A cynic might say that the defining characteristic of jazz-rock fusion is that it pleases neither the jazz fan nor the rock aficionado. But after a few years playing together in Marbin, guitarist Dani Rabin and saxophonist Danny Markovitch found that they had become a fusion band. And the group’s success puts the lie to
Generally, I avoid reviewing more than one album by relatively unknown artists; even less often – never before, as far as I know – do I review two albums within the space of a year. But Marbin’s the real deal. Jazz-rock is a nearly meaningless term, so instead I might describe them as progressive rock
Today I’m serving up five more hundred-word reviews; today’s five all fit more or less into the progressive rock category, and they’re sourced from across this globe of ours. Mekaal Hasan Band – Andholan Talk about genre labels: I have some issues with the term “world music.” While often well-intentioned, it marginalizes most anything outside
Today I cover five more albums – all new music – in hundred-word format. There are some good – and quite possibly overlooked – releases in this bunch. Lucas Lee — Normalcy Bias Marbin — The Third Set Antoine Fafard — Ad Perpetuum Interstatic — Arise Wadada Leo Smith et. al. — Red Hill In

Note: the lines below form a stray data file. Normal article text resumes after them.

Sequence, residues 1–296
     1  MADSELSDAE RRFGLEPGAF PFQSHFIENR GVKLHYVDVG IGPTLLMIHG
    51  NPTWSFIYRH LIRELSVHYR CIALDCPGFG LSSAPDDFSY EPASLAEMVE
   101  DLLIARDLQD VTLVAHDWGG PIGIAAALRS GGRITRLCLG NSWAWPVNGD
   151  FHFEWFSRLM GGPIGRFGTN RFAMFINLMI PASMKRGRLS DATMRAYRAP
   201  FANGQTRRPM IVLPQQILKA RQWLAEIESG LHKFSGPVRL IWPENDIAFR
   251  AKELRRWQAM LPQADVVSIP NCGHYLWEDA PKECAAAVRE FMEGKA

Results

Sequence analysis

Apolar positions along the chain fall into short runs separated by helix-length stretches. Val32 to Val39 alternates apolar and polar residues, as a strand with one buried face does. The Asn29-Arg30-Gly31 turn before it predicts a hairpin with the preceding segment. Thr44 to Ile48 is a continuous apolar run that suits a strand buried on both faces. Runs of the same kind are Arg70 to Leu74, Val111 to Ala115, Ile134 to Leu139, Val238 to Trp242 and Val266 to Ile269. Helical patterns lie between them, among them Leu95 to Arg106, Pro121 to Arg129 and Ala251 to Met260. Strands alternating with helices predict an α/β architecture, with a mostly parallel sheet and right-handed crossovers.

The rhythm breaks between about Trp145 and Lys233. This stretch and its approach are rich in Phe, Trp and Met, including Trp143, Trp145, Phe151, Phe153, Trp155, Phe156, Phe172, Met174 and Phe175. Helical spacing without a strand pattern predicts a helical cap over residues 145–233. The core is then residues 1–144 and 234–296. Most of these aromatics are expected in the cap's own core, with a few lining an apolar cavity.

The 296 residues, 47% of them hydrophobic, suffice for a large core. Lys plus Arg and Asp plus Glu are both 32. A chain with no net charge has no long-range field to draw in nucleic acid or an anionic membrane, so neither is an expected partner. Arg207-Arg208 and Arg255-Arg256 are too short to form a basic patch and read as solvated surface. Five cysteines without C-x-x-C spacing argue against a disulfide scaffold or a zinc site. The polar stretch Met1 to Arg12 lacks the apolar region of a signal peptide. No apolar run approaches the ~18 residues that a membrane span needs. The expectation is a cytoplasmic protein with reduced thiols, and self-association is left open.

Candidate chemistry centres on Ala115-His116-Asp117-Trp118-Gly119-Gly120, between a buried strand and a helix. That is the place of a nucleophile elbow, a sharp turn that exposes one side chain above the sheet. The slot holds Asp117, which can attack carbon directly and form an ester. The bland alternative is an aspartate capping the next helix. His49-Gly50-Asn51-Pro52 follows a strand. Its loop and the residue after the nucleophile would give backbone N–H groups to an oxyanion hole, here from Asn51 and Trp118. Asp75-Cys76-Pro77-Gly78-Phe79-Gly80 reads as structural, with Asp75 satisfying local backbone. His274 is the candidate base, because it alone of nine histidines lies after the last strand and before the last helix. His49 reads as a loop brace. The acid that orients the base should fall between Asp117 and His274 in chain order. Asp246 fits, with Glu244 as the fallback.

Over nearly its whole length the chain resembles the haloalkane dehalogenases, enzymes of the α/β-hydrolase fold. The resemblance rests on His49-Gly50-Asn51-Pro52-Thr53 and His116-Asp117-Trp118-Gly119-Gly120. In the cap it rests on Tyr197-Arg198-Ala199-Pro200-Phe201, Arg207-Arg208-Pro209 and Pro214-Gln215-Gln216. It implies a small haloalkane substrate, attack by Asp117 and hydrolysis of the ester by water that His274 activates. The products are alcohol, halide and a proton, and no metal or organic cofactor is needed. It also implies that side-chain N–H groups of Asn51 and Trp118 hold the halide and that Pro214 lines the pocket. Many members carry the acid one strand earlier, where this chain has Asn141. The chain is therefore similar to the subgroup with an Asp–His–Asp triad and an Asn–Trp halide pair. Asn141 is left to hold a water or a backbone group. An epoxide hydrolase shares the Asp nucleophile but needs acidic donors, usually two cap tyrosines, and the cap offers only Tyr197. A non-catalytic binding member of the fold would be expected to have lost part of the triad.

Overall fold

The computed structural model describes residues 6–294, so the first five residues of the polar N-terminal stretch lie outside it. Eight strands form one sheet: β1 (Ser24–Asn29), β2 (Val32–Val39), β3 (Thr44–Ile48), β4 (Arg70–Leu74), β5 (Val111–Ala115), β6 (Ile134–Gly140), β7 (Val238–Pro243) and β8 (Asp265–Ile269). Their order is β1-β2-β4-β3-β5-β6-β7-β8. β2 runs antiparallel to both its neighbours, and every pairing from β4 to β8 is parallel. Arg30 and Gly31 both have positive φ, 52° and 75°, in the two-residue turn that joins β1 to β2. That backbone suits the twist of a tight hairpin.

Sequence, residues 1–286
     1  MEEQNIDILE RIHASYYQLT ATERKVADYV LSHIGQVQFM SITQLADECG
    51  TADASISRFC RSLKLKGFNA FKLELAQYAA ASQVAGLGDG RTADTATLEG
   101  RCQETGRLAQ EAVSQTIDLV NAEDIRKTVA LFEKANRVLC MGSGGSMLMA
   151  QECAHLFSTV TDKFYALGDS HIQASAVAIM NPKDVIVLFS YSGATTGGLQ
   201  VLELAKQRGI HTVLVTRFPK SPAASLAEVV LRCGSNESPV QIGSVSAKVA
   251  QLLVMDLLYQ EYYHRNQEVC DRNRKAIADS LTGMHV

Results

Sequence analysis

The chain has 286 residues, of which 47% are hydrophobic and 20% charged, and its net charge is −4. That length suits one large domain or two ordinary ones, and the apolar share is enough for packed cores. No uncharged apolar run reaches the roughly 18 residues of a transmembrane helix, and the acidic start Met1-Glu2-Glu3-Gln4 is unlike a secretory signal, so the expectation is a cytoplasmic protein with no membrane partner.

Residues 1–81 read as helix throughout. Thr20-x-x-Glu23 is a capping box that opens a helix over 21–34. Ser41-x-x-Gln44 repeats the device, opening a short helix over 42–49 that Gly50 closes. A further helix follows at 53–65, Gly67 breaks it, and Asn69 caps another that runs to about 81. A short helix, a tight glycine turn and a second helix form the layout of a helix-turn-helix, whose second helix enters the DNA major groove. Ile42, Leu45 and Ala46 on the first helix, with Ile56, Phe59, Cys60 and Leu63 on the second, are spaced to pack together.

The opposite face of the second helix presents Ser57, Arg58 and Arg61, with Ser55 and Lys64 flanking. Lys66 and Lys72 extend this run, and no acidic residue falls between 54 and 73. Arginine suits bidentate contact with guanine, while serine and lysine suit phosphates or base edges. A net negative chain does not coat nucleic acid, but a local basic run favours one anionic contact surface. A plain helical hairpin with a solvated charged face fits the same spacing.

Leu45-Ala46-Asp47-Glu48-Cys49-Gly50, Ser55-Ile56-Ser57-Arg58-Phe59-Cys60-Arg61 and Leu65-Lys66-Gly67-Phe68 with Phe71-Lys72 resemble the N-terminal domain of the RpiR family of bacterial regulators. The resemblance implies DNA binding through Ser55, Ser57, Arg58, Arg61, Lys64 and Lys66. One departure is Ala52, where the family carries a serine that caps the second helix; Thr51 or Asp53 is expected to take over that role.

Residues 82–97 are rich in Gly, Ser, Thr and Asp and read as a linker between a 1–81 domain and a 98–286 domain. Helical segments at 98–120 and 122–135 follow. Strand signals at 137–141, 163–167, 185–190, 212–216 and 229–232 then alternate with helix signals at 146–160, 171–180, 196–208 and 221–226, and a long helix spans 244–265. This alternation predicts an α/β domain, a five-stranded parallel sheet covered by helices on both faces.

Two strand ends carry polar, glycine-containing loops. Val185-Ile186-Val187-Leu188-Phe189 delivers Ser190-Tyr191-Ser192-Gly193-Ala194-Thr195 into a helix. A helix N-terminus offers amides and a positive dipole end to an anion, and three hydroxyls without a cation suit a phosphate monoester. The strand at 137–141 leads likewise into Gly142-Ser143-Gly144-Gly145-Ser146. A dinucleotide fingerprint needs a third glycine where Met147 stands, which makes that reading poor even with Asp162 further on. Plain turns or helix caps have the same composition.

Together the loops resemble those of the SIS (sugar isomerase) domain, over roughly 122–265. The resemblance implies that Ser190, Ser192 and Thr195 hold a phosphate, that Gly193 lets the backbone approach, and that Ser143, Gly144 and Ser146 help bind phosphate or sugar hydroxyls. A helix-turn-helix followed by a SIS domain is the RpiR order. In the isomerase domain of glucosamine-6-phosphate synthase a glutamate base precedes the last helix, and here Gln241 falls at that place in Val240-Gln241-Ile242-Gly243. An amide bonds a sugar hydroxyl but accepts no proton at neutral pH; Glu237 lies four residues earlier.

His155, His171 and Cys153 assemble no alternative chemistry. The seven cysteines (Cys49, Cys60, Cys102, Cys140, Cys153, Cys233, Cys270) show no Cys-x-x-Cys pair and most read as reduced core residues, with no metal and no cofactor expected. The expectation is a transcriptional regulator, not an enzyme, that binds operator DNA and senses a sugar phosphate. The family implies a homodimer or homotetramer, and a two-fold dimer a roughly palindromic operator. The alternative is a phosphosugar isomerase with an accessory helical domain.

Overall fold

The backlog of music here at Musoscribe World Headquarters has gotten massive; it’s nearly overwhelming. Anyone who tells you that there’s no good new music out there clearly doesn’t deserve your attention. These albums, however, do. That said, the only practical way for me to cover them is to do so in a truncated fashion.
I am unashamed to admit it: I like progressive rock. I like it a lot. And yet I can’t trot out the boilerplate statement, “The fourteen-year-old boy in me loves his prog,” because at fourteen – even at seventeen – I didn’t really like the stuff. Which is a bit odd, seeing as those years
If, like some of my readers, you’re primarily interested in reading my interviews, features and conversations, then you may find the list below useful. It’s a complete (updated when I remember) index of all my published interviews. 1964 The Tribute / Mark Benson 50 Shades! The Musical Parody (producer/director/writer Emily Dorezas) Aberdeen City Acoustic Syndicate